Advertisements

Fantasy football round 17: Selecting your captain is not down to luck

While there is a degree of randomness and good fortune in any fantasy sports game, there is also a significant element of skill and judgement. Which is why every year, as the season progresses, you typically see the same names gravitating towards the top of any leagues you are a member of. Good managers make their own luck – as the golfer Gary Player once said:

The harder I practice, the luckier I get.

(I say this with the smugness of someone who moved to the top of all five leagues he is a member of last week. Hey, let me enjoy it while I can!)

In some respects, it is easy to see where the skilful application of thorough knowledge and research can be applied. Swapping injured, suspended or out-of-form players for those who are available and playing well, for instance. Or a good knowledge of who each team’s creative midfielders or set-piece takers are. Yes, there is still an element of luck involved, but a little knowledge can go a long way in terms of making your own luck.

In other parts of the game, though, there does appear to be a much more random element at play. For instance, why is it you always seem to end up picking the wrong player as your captain every week when the manager at the top of your league more often than not has a high-scorer as their skipper? That’s just bad luck, right?

Wrong. Of course, there is a degree of pot luck, just as there is in every other part of the game. But by applying a little bit of science, you can certainly improve your chances of earning a significant double-score bonus from your captain more often.

Don’t believe me? Well, let’s do a quick bit of analysis looking at the highest-scoring player(s) in each of the 16 gameweeks so far, and see if we can spot any patterns in terms of who your ideal captain would have been in any given round of matches.

Analysis © Tim Liew, from Fantasy Premier League data. Any errors are my own

The first thing to note is that, of the 21 players who have been the highest or joint-highest scorer in a gameweek, all but two have been forwards or midfielders. Unless you have a very good reason for doing so, you should never make a goalkeeper or defender your captain – and even if you do have a good reason, you should seriously reconsider.

In terms of which team the top points-scorer plays for, it should come as little surprise that the only two teams who have provided at least three ‘top scorers’ are also the top two in the league – Arsenal and Manchester United. Indeed, more often than not – 12 out of 21 times, or 57% – the highest-scoring player in a gameweek will play for one of the top five clubs.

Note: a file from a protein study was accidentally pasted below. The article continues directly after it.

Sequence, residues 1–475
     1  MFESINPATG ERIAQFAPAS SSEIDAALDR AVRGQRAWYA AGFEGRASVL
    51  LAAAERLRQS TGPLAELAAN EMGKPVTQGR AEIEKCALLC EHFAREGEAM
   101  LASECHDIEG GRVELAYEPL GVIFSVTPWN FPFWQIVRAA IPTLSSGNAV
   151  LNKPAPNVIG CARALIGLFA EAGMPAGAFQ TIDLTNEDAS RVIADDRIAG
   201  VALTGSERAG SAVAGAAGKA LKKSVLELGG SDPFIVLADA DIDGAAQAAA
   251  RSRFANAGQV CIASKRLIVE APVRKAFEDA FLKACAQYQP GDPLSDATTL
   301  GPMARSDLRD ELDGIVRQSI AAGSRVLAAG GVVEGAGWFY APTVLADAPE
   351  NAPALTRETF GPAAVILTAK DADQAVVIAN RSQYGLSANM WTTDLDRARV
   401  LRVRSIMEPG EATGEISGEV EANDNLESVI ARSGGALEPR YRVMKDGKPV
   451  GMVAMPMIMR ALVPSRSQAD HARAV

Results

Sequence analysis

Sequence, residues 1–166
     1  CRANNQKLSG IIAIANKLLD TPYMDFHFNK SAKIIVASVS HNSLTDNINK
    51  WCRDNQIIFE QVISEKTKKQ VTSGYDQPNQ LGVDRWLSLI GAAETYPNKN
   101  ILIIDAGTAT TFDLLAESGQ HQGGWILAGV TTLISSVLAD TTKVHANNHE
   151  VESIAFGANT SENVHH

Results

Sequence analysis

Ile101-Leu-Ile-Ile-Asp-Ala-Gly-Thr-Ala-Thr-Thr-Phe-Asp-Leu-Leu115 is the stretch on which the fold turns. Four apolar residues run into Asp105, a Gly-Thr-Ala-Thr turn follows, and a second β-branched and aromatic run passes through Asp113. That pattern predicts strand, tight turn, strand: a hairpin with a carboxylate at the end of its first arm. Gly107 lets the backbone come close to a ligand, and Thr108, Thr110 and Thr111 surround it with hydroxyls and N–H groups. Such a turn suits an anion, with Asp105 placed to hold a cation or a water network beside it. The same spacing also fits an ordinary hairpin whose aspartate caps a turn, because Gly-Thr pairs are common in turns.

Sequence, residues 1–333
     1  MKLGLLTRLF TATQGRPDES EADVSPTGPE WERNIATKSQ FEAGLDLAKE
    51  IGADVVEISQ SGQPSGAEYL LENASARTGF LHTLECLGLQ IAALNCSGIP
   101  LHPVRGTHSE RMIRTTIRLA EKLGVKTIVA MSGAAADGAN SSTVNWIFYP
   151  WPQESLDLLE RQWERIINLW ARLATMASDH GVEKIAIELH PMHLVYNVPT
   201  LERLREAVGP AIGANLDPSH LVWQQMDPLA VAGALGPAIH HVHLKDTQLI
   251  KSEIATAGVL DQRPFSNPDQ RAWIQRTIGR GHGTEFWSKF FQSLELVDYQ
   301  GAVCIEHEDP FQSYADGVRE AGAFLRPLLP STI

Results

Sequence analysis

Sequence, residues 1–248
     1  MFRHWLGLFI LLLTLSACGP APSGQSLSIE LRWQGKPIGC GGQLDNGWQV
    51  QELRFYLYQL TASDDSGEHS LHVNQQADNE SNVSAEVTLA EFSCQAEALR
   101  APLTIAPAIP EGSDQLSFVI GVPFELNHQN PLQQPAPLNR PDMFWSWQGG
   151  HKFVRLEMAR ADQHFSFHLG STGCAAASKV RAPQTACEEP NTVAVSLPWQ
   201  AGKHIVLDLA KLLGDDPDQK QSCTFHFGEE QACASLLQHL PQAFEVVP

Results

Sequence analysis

Conversely, the opponent against whom the top scorer accumulates their points is most likely to come from a team in the bottom half of the table – this has been true on 71% (15 of 21) of occasions.

Finally – and perhaps most significantly – home advantage is a significant factor in high scoring. Again, 71% of a gameweek’s highest scorers have had the benefit of playing at home.

So the basic principles you should apply when selecting your captain each week are as follows:

  • Ignore your defenders and goalkeeper – always select one of your forwards or midfielders.
  • Examine the fixture list. If possible, find a suitable match-up where a top five side is playing a team from the lower reaches of the table.
  • Prioritise players whose teams are playing at home over those who have an away match, even if that means nominating what would otherwise be your second or third-choice option as your captain.

Finally, you should also pay attention to who would become your captain in the event that they do not play for some reason. Be aware of who would be selected according to your ’emergency captain strategy’, as denoted in the drop-down box below the captain selection box. Your back-up captain will be selected on the basis of either their current transfer value or form (you can check this quickly by selecting the ‘data view’ tab at the top of your team screen). Using the same principles above, toggle between these two options to give you the best possible alternative.

Of course, the chances are you are probably already using many of these principles instinctively just by applying common sense – mostly, they are fairly obvious, except perhaps for the degree to which playing at home matters. But if you adhere to these rules consciously, you will maximise your ‘luck’ in picking up extra captaincy points more consistently, which could easily result in an extra 50 points or more over the course of a season.

Previous posts in the Fantasy Football series:

Ten tips to boost your score

Don’t panic!

Improving your squad

The importance of formations

A question of rotation

Following and bucking trends

The top 20 forwards

In-form midfielders

Defenders’ goals are vanity, clean sheets are sanity

Goalkeepers make saves – and savings?

Following the form book

Looking ahead

Scraping the bottom of the barrel

30 not-so-random questions

Advertisements

About Tim
Father of three. Bit of a geek. That's all, folks.

2 Responses to Fantasy football round 17: Selecting your captain is not down to luck

  1. Pingback: Fantasy football round 18: Five tips for the rest of the season « The armchair sports fan

  2. Kudos for the great piece of writing. I am glad I have taken the time to read this.

%d bloggers like this: